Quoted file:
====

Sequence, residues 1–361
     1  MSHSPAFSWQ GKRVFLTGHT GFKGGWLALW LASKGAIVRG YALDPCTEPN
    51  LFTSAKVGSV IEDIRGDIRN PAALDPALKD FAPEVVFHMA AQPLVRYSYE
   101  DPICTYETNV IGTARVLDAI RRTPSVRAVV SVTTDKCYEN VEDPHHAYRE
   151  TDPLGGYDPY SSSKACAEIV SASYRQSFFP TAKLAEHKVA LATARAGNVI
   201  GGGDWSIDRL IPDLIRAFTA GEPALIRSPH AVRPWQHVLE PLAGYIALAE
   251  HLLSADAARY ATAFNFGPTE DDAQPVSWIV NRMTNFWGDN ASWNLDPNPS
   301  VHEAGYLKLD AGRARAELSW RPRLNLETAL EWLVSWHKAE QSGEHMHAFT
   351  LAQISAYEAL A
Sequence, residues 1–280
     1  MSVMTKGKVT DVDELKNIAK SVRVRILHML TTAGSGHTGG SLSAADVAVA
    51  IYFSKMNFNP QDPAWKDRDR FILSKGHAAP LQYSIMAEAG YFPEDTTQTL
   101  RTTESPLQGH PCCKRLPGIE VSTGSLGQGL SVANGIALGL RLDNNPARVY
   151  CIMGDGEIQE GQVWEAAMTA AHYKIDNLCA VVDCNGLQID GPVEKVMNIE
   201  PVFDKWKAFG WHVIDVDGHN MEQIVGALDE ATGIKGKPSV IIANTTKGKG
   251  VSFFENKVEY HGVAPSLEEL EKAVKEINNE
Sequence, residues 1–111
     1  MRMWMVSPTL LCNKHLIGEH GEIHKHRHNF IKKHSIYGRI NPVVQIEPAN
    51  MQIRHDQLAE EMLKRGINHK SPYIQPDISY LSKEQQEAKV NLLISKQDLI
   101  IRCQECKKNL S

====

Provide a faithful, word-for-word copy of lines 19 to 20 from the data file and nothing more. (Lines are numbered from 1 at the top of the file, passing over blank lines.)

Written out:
    51  MQIRHDQLAE EMLKRGINHK SPYIQPDISY LSKEQQEAKV NLLISKQDLI
   101  IRCQECKKNL S